Based in New York City, nineteen-year-old Brandon Niederauer, nicknamed “Taz” for his ferocious guitar playing, has had the opportunity to play with many of his musical idols. In recent years, he’s shared the stage with multiple members of the Allman Brothers Band, including Gregg Allman, Derek Trucks, Warren Haynes, Butch Trucks, and Oteil Burbridge, as well as a variety of other notable musicians, including Buddy Guy, Stevie Nicks, Lady Gaga, Slash, Jon Batiste, Dweezil Zappa, Eric Gales, George Clinton & Parliament Funkadelic, Dr. John, Gary Clark Jr., Col. Bruce Hampton, Eric Krasno, George Porter Jr., Robert Randolph, Karl Denson, Doug Wimbish, and John Popper. He has also performed with Tedeschi Trucks Band, The String Cheese Incident, Umphrey's McGee, The Revivalists, Dumpstaphunk, Blackberry Smoke, Galactic, and countless other bands.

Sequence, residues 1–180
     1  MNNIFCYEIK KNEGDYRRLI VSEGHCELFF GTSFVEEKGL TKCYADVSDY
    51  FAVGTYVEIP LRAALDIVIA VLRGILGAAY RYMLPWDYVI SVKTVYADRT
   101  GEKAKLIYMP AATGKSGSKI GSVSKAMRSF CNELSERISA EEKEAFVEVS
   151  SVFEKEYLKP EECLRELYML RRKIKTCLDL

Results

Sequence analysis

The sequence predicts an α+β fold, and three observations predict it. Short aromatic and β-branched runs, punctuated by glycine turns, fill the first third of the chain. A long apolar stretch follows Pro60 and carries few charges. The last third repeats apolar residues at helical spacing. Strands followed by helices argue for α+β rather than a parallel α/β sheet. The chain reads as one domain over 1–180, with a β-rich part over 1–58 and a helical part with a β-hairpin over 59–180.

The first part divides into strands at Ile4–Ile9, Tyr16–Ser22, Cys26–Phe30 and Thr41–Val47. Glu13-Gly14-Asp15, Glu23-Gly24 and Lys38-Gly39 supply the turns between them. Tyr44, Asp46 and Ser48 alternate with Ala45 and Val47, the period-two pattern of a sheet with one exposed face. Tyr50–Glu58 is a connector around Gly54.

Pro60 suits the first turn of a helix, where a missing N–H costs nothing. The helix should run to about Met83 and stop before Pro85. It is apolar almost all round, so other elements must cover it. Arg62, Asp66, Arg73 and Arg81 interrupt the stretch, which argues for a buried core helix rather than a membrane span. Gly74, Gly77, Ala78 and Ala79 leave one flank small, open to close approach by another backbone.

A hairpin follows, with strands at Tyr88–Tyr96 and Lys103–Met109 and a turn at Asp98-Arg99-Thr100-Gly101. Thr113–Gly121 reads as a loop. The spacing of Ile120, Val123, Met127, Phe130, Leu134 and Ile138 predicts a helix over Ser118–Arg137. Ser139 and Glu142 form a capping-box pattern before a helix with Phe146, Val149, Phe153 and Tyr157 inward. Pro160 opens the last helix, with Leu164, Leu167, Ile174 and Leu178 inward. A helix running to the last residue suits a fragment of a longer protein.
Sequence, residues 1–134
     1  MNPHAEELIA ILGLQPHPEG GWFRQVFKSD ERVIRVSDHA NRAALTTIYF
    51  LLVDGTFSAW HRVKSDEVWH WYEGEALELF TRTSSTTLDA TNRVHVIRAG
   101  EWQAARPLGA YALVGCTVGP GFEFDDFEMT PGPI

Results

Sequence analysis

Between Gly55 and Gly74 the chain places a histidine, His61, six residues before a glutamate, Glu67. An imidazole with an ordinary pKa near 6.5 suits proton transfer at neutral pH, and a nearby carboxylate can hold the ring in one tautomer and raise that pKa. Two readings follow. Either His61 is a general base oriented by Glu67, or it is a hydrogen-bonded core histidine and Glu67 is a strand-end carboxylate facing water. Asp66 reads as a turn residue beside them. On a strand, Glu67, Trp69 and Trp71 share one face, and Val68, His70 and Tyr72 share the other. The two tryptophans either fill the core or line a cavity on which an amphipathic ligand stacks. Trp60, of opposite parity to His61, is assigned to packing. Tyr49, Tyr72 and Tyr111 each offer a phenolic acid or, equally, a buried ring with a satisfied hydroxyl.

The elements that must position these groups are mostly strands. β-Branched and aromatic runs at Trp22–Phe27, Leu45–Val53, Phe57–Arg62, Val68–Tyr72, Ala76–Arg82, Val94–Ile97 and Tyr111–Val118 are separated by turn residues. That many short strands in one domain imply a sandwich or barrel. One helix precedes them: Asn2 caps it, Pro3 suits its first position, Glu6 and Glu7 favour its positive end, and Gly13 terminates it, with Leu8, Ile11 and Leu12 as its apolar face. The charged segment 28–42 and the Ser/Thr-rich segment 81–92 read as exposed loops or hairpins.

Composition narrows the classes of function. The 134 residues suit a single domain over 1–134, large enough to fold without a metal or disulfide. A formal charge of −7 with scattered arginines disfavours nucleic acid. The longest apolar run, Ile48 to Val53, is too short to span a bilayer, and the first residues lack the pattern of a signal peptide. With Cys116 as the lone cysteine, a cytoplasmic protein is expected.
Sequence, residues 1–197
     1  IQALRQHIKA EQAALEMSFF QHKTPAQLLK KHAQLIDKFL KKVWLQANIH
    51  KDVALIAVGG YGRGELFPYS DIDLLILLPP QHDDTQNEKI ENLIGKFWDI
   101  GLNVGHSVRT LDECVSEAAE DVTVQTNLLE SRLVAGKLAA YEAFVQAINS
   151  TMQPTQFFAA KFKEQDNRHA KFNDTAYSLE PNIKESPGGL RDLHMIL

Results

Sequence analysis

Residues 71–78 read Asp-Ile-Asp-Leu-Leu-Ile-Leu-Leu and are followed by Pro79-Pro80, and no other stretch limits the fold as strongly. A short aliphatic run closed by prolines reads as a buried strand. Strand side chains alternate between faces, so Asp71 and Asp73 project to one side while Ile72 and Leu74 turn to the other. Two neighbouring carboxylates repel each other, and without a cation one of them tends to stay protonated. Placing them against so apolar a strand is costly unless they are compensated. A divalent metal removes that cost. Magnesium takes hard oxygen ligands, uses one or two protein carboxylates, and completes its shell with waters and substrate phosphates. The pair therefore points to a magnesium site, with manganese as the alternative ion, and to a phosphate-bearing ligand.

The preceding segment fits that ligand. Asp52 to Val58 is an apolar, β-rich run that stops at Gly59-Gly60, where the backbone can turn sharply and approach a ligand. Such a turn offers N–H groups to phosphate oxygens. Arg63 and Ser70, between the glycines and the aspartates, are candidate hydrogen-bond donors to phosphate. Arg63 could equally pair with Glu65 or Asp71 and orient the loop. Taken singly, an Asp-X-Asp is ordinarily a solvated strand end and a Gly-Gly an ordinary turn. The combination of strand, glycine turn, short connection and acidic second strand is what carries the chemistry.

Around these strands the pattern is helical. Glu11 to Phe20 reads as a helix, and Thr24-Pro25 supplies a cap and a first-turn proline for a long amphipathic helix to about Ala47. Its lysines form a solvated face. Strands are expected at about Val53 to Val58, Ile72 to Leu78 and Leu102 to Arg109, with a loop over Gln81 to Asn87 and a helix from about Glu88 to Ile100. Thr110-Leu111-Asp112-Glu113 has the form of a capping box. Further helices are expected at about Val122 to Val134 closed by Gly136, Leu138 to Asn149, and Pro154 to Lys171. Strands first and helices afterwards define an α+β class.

Since making his national television debut on The Ellen DeGeneres Show at just ten years old, Brandon has appeared on The Late Show with Stephen Colbert, Good Morning America, and The View.
In 2018, Brandon reunited with Andrew Lloyd Webber, performing in January with Sarah Brightman at The Phantom of the Opera’s 30th Anniversary celebration, and in April alongside Sara Bareilles, Alice Cooper, and John Legend in NBC’s live broadcast production of Jesus Christ Superstar. Brandon is currently featured in Spike Lee’s Netflix series, She’s Gotta Have It, and performs concerts for audiences across the country and around the world.